In previous support packages, intermediate table variables were simply defined by the result set of the data selection, such as a SELECT statement.  So whatever columns were in the field list would become the structure of the intermediate table variable.  The issue with this approach is that there is some performance cost associated with the type conversions at runtime.  Also, this could cause some ambiguousness in the code.  As of SPS9, we can now explicitly define the structure of an intermediate table variable from the DECLARE statement.  As shown below, I have an intermediate table variable called LT_PRODUCTS which is defined as a TABLE, followed by the column list and associated simple types.  This allows the developer to have strict typing within the procedure and avoid any unnecessary performance costs from type conversions.

Autonomous Transactions

Another new language features in SPS9, is Autonomous Transactions.  The autonomous transaction allows the developer to create an isolated block of code which runs as an independent transaction.  This feature is particular helpful when executing logging type tasks.  Committed statements inside the autonomous transaction block will be persisted regardless of a rollback of the main transaction.  The keywords COMMIT and ROLLBACK are only allowed within the autonomous transaction block and not in the main line of the procedure.  If any tables are updated within the main body of the procedure, those tables are not allowed to be accessed from within the autonomous transaction block.

See a demo video of the new language features here.  And for more information regarding the SQLScript language itself, please check out the SQLScript Reference Guide.


Use of CE Functions within Procedures & Scripted Calculation Views

Although not specific to SPS9, I’d like to close with some clarification around the use of CE Functions. Calculation Engine(CE) Functions, also known as Plan Operators, are an alternative to writing SQL.  At one time, it was recommended to always use CE Functions over SQL in both SQLScript stored procedures as well as scripted calculation views as they performed better than SQL. This is no longer the case.  The recommendation moving forward is to use SQL rather than CE Functions within SQLScript. The execution of Calculation Engine Functions currently is bound to processing within the calculation engine and does not allow a possibility to use alternative execution engines, such as L native execution. As most Calculation Engine Functions are converted internally and treated as SQL operations, the conversion requires multiple layers of optimizations. This can be avoided by direct SQL use. Depending on your system configuration and the version you use, mixing Calculation Engine Functions/Plan Operators and SQL can lead to significant performance penalties when compared to plain SQL implementation. Please note that the above described recommendation/behavior only applies to calculation engine functionality exposed by SQLScript.  Therefore only SQLScript related artifacts such as procedures, table functions and scripted calculation views are affected.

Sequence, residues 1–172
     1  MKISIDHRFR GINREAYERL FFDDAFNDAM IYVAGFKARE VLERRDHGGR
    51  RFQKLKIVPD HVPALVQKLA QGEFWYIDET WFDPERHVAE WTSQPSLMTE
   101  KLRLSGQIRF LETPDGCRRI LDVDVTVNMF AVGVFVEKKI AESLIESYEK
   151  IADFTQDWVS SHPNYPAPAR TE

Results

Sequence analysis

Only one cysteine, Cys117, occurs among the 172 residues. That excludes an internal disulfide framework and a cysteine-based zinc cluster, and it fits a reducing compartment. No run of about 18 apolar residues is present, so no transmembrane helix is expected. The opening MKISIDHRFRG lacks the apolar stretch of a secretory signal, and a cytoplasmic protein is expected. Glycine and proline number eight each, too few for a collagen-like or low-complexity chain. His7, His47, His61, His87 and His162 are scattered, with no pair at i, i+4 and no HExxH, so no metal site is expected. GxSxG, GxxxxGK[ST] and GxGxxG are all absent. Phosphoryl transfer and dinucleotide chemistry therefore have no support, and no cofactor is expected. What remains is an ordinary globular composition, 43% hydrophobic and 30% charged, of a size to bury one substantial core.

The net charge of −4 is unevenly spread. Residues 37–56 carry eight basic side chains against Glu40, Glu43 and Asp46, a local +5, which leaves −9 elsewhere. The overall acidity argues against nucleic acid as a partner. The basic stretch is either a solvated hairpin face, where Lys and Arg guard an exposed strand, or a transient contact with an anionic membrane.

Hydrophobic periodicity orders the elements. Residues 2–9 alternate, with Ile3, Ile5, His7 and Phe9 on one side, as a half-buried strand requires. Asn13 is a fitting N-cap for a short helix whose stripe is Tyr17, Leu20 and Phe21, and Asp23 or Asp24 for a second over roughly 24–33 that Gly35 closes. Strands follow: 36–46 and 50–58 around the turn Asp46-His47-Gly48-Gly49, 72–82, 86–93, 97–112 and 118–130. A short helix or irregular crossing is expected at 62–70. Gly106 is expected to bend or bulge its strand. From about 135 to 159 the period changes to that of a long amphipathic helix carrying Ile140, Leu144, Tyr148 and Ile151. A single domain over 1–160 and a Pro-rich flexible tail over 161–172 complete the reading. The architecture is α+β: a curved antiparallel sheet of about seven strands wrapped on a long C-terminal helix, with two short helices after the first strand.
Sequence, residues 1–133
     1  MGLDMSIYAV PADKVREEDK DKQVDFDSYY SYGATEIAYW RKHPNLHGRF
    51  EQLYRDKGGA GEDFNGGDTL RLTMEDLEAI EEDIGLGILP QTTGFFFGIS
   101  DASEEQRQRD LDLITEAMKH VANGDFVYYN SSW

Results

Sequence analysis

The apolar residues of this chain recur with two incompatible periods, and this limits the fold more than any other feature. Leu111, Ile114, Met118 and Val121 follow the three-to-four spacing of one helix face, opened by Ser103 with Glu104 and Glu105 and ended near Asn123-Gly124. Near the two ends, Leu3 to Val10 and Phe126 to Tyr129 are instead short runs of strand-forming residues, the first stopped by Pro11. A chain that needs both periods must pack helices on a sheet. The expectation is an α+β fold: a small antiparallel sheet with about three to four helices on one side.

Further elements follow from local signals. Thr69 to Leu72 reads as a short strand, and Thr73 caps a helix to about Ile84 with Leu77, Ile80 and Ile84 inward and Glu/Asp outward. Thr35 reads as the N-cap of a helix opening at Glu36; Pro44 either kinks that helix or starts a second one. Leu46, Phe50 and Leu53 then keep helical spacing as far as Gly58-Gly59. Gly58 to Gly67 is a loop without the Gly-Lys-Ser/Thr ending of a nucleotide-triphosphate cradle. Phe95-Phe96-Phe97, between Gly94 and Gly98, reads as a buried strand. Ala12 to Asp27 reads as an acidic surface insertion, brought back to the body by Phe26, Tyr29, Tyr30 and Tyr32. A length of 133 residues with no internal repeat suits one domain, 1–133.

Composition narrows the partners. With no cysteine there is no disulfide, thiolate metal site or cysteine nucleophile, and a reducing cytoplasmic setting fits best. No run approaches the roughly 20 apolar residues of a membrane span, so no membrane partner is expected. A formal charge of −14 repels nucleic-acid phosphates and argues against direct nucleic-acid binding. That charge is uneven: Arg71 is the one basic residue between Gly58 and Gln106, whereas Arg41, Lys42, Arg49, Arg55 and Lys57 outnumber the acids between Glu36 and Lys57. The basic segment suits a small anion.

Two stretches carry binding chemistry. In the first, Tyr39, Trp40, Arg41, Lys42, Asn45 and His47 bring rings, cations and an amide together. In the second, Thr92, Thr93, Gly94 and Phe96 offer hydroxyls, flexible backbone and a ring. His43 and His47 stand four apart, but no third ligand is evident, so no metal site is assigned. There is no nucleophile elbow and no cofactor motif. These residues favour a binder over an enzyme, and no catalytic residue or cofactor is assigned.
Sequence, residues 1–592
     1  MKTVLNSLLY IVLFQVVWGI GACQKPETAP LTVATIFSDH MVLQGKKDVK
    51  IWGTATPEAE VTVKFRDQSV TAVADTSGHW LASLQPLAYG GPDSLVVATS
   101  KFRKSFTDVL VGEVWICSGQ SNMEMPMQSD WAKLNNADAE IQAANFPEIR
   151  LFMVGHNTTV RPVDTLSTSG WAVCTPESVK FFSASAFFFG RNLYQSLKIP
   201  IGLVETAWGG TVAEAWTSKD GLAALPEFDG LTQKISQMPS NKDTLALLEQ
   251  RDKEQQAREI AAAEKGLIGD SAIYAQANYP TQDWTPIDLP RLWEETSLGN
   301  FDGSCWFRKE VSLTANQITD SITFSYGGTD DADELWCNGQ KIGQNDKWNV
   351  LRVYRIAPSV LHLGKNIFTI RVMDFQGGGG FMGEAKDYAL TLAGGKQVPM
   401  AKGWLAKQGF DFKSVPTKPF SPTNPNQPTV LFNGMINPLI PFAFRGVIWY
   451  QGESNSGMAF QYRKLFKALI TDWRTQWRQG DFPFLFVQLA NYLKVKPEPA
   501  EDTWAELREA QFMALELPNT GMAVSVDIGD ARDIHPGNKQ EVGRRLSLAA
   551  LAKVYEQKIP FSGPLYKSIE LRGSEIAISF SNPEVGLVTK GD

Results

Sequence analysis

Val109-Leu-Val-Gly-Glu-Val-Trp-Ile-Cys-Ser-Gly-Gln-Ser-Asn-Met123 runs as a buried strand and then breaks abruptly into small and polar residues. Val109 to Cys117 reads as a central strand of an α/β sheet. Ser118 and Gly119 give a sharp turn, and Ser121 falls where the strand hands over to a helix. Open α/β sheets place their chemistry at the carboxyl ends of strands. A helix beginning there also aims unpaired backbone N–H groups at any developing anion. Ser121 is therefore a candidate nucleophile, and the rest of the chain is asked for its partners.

For a more general overview of all of the developer related features for SAP HANA 1.0 SPS9, please have a look at this blog post.